• If SRP recommended, depending on state practice acts, have dentist collaborate on treatment plan and determine what quadrants need to be completed today (dentist could do restorative exam at this time or at another appointment)
• If SRP to begin this day, administer local anesthetic as needed
• Determine if any of the following would be beneficial to patient's oral condition - fluoride application for caries control and/or sensitivity, irrigation of periodontal pockets, etc.
• Provide patient with appropriate post- op information
• Remove gloves and complete chart notes; if computer is in operatory, make next continuing-care appointment or SRP appointments/complete walkout statement
• Complete chart/treatment notes before escorting patient to front desk to make any restorative appointments and give walkout statement
• Return to operatory, put on gloves, tear down plastics, take instruments to sterilization area where assistant prepares them for sterilization or hygienist does his or her own; remove gloves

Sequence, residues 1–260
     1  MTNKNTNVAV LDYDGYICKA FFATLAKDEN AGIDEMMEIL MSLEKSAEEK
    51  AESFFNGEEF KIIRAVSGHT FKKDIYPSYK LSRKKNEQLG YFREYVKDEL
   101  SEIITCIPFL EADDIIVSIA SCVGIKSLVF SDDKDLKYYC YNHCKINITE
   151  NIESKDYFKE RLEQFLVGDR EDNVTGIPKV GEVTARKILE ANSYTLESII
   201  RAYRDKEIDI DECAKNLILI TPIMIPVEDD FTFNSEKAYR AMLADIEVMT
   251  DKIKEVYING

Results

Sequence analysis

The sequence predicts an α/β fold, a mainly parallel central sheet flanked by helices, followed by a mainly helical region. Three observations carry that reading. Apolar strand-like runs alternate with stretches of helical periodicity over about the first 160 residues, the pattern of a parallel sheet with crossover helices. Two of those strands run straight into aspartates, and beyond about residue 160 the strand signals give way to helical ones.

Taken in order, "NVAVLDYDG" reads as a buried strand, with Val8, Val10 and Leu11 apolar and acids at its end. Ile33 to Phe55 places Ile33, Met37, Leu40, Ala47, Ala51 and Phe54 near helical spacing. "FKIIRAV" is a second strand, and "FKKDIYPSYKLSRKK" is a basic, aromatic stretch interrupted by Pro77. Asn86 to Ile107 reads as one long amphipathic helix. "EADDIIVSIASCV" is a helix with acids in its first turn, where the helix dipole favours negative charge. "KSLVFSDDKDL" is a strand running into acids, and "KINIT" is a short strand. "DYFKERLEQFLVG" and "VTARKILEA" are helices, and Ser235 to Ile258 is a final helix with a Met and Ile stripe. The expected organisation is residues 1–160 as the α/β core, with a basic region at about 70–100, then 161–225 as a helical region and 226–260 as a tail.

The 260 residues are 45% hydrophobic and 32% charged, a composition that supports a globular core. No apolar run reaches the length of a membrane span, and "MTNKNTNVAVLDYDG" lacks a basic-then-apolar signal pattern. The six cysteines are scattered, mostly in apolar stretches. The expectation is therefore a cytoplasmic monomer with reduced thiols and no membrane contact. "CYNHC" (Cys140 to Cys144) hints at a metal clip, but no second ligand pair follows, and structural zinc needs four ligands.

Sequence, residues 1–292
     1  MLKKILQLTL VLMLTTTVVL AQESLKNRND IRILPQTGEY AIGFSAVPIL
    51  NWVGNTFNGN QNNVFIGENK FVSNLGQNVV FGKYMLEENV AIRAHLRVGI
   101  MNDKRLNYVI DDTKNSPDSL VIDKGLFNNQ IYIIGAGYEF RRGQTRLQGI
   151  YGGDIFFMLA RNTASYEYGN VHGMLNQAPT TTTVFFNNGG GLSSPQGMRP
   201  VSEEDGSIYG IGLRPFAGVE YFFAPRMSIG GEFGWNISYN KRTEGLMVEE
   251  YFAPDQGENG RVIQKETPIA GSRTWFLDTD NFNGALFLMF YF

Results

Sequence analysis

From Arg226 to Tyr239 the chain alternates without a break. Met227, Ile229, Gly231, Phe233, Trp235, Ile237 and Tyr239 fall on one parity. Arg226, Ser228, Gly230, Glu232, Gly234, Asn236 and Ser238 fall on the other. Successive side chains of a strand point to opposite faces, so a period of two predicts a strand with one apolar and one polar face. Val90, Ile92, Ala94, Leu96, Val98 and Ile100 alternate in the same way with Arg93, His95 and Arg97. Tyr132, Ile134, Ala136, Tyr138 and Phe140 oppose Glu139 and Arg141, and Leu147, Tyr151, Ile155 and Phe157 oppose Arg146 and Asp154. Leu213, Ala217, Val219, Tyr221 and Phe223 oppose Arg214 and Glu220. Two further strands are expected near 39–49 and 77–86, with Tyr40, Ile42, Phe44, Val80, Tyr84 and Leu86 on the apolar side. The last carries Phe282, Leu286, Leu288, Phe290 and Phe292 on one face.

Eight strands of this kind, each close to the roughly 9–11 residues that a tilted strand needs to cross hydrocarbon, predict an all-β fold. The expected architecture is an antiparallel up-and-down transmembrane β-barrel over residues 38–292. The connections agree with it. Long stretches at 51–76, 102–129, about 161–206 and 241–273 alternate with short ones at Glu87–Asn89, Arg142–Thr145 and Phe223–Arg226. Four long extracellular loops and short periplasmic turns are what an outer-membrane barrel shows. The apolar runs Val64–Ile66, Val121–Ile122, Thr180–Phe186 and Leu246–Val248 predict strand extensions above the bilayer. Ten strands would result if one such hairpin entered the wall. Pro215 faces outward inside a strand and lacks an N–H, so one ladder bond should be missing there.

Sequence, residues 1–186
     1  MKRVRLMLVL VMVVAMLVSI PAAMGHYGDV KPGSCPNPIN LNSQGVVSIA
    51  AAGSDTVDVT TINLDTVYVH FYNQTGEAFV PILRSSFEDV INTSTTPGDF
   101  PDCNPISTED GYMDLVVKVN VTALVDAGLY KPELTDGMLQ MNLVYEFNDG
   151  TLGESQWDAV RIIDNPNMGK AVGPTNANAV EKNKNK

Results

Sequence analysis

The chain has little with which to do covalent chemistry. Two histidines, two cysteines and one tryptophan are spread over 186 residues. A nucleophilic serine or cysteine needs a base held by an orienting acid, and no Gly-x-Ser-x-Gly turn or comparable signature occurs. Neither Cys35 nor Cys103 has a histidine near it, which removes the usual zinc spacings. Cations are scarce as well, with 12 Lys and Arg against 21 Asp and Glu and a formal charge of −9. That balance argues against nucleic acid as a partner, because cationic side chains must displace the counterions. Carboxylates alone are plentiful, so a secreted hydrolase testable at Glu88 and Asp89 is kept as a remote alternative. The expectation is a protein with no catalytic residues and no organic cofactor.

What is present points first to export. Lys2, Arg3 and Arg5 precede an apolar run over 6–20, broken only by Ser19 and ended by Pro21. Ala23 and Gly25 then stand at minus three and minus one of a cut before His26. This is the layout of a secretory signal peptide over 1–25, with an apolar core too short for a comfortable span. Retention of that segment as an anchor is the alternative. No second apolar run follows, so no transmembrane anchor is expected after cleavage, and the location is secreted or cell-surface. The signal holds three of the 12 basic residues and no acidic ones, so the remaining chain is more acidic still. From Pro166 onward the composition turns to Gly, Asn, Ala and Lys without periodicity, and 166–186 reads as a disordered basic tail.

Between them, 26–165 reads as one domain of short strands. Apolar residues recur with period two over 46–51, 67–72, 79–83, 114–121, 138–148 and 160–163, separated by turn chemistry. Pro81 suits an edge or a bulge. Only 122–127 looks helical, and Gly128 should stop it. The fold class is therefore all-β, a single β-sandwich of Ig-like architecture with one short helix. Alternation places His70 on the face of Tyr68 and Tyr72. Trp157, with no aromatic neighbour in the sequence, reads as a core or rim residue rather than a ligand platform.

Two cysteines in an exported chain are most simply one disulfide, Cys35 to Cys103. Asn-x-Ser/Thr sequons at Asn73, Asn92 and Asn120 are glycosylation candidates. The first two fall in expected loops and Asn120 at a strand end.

• Return to operatory from sterilization area and put on gloves and disinfect with appropriate solutions; then cover with clean plastics, etc.
• Retrieve new tray of sterile instruments and set up delivery area
Now, over 40 years later, dental hygienists are still expected to complete a continuing-care appointment in 60 minutes! Why? The historical reason would seem to point to tradition-"Because we've always done it that way" or, my favorite, "It's easier to schedule in one-hour blocks." We are short-changing our patients' well-being and oral health, which can unfortunately lead to mistrust and malpractice claims. We don't hear about them often, but claims against hygienists are increasing.
RDH magazine published an article in November 2013 titled, "Top reasons hygienists are sued" by Dianne Glasscoe Watterson, RDH, BS, MBA. As the article points out, "Life in the dental office can be hectic at times. One reality is that hygienists fight a never-ending battle with the clock." The top four reasons hygienists are sued are:
• Failure to update medical history
• Failure to detect oral pathology
• Failure to detect periodontal disease
• Injury to patient